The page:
The book focuses on the changes introduced with C#2 and C#3, without the overhead of the other C#1 stuff, and so gains the space to really go into them in depth, and you're not having to scan thru a vast tome to search for the new stuff. I'd call it a Delta Series book (if only I could now copyright that term!)

Its Excellent and outstanding, and the examples are all short and to the point and they all work!

I really liked Jon Skeet's writing style. It felt you were with a work colleague taking you thru a topic rather than a pedantic and impersonal text. It made reading it lot easier, enjoyable and relaxed.

At one point I came across something that I couldn't quite follow, so I posted a note on the book's website. To my amazement I got a response from Jon within 15 minutes explaining it with a code example, and he'd also added the explanation note to the book's website, and I was still only two pages further along! A follow on point also got a similar prompt and clear reply. Amazing!

So I definitely recommend it and hope you too enjoy reading and learning from it.
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on 18 April 2009
I am one of those who enjoy knowing what goes on under the hood. You can, without a doubt, be a good C# programmer without knowing all the nitty-gritty details in every corner of the language. However, you may also be missing out on some opportunities where your code could have been more concise by using a feature you may not know exists.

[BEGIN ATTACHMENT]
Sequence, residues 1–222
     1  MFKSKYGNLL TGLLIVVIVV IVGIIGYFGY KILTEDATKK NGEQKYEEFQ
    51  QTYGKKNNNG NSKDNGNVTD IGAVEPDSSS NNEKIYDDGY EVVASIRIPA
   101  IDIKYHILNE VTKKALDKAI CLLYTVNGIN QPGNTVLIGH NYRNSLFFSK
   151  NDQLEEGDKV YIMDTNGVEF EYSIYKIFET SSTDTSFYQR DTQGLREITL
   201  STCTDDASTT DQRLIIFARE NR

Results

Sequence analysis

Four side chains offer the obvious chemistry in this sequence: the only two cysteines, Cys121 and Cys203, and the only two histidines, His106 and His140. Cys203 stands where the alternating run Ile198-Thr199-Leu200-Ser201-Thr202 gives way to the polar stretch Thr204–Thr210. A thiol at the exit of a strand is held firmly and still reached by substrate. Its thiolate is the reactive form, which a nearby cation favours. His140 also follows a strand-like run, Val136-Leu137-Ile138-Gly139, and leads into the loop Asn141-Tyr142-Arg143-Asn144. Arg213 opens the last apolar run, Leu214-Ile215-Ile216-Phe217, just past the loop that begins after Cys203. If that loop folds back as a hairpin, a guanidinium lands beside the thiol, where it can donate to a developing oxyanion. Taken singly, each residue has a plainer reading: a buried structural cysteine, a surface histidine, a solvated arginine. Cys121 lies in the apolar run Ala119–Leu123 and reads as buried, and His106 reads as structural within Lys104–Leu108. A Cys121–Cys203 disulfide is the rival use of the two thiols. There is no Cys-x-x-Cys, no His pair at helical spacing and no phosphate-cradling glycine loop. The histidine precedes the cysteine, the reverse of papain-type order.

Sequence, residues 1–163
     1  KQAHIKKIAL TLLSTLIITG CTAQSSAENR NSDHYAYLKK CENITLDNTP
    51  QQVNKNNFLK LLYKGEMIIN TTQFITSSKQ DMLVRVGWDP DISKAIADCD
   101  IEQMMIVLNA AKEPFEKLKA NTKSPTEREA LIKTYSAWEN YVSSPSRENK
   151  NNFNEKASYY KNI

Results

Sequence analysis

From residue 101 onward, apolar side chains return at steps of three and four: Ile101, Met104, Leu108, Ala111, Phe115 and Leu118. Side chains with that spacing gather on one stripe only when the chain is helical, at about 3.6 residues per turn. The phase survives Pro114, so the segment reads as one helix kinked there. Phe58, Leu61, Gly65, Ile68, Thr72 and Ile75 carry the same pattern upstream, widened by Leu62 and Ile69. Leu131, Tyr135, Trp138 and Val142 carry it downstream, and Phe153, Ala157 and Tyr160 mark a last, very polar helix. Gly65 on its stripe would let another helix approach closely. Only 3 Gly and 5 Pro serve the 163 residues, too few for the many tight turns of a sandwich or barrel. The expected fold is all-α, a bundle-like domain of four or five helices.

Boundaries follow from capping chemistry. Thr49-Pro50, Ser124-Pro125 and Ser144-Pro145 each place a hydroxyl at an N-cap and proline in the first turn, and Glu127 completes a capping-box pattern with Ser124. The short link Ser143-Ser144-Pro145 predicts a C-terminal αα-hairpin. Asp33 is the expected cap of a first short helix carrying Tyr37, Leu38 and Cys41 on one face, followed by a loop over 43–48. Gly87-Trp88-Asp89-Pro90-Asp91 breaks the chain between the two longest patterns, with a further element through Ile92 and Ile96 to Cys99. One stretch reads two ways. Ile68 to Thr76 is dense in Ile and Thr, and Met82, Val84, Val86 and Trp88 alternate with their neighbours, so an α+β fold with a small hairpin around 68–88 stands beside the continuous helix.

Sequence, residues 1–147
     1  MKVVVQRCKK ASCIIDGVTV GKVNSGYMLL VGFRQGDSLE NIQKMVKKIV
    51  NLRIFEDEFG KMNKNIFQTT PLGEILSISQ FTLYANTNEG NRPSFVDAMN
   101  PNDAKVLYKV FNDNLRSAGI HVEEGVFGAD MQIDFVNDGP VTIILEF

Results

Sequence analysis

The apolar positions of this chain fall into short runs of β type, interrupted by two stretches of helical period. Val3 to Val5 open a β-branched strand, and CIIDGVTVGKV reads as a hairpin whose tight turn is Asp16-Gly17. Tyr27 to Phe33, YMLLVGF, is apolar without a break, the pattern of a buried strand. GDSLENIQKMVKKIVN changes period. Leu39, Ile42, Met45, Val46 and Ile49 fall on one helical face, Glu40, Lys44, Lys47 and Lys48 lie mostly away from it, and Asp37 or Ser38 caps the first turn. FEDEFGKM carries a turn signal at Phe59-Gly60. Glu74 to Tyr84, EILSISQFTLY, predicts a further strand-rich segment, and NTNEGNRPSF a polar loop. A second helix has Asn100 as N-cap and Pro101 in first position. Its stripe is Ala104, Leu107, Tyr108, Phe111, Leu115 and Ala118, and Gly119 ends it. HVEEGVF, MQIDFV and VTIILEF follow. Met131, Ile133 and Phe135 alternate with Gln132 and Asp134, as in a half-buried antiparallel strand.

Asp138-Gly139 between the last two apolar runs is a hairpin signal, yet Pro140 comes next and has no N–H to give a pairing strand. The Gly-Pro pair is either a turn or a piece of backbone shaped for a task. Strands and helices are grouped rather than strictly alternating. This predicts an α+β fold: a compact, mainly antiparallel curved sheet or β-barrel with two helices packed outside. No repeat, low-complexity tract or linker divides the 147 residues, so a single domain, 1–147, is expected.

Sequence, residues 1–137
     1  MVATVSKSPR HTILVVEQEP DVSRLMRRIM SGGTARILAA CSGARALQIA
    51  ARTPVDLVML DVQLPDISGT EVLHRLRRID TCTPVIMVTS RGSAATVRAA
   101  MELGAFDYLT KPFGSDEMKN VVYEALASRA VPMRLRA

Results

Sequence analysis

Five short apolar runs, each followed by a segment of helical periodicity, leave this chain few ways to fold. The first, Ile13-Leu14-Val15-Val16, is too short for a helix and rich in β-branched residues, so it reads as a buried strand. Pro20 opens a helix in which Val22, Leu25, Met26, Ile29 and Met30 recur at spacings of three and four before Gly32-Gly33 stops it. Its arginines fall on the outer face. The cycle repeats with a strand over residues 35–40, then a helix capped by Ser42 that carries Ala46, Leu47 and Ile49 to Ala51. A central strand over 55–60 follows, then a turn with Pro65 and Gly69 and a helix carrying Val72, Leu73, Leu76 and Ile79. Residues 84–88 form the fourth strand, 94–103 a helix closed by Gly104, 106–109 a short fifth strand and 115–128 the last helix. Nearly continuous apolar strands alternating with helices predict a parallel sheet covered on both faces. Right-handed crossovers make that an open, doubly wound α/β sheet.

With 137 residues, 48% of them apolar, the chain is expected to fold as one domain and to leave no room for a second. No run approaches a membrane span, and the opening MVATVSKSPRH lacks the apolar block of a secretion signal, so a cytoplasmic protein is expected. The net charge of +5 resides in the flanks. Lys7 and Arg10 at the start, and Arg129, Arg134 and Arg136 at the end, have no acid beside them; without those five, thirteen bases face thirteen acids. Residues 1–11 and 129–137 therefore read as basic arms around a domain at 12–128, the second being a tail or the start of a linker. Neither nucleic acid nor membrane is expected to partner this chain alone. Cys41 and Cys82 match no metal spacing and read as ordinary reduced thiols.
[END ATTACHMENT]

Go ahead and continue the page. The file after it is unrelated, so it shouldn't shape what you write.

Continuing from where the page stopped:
"C# in Depth" does a fabulous job of presenting the details of the features that are new to C#2 and C#3, including pointers to where these features are applicable. I can't imagine anyone reading this book from cover to cover without learning anything.

If you're a C# programmer and enjoy knowing the details of the language you're working with, this book is a must-read.
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on 21 January 2009
This book starts off with the most simple additions to the language, and then builds up your knowledge step by step until you are finally reading how to implement a LINQ provider.

I think Jon explains this stuff very clearly, in great depth, and in a very progressive and logical way. If you want to learn about extension methods, type inference, lambdas, expression trees, LINQ provider implementation, then buy this book!

I've just read a book on LINQ (LINQ in Action). Having read Jon's book I was really disappointed with it, Jon's book taught me much more about LINQ than this entire other book does.
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on 18 February 2009
I can't say enough about this book. It is not only great technically but also the writing is quite good. The subjects can get a little deep sometimes but Jon Skeet's writing keeps you involved. Definitely worth the read.
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on 27 July 2009
I needed to get up to speed on the new features of C# without all of the fluff of the previous versions, how .NET works, and what the Internet is. This book catered for all of my requirements and more. I'd recommend it to anyone who is reasonably familiar with "vanilla" C# and needs to learn about lambda expressions, LINQ, anonymous methods, extensions, and all the whizz-bang new features. The only complaint I have is that if I read "syntactic sugar" again - anywhere - I'll end up running round in circles screaming. But well done Jon, you're now my C# hero...